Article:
The views stretch even further than yesterday. This is classic Tuscany. It is here that the most famous photos and films of the region have been taken or shot. The road surface is pretty good though heavy rain can make the gravel roads perilous for the inattentive, the water carving deep lines across them.
We ride on, past Buonconvento the home of Nova Eroica, through more vineyards that skirt the hill top town of Montalcino, stopping at some of the many water fountains that line the route. We pass walkers, some who greet us, others whose headphones block the sound of our approach. Everyone here is on their own personal journey; that is one of the things that makes the Via Francigena so special: everyone rides or walks the same path but they all have unique thoughts, experiences and reflections at the end.
After climbing another hill, we see San Quirico D’Orcia in the distance and that means lunch is near. Before we can eat, there will be the short and steep climb into the town itself. Once that is done, we ride through the narrow streets that seem unchanged by the passing of time.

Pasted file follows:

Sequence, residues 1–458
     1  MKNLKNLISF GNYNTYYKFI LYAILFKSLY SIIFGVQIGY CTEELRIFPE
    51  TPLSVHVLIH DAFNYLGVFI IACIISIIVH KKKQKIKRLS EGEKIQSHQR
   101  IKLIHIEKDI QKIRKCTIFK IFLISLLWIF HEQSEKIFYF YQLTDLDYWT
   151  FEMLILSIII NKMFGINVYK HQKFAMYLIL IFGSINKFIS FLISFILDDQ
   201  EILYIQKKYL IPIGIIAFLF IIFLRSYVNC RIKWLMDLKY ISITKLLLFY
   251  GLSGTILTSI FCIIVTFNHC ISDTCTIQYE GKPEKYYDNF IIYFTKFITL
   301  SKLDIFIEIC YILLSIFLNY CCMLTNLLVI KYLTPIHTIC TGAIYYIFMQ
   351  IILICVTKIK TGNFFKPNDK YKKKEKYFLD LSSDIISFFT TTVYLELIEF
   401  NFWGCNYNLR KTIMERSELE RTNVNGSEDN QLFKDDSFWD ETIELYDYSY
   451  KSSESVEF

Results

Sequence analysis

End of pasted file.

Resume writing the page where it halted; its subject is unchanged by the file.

Today is a long day and there is only time for a panino (prosciutto and pecorino, that seems to be the locals’ choice) before we continue to Vignoni Alto – a fine and typical example of a borgo or semi-fortified village. The south gate opens to an immense panorama of the valley below.
Shortly after a brief stretch on the asphalt road to Rome, the Via Cassia, we enter into Lazio. There is no signage announcing the change of region although it is now dark and our focus is on the more concentrated small, area of gravel road in front of us. When we do finally arrive in Proceno, we are warmly greeted by the Contessa whose family inhabit the castle and also run the Albergo Diffuso that will be our home for the night as well as providing our dinner.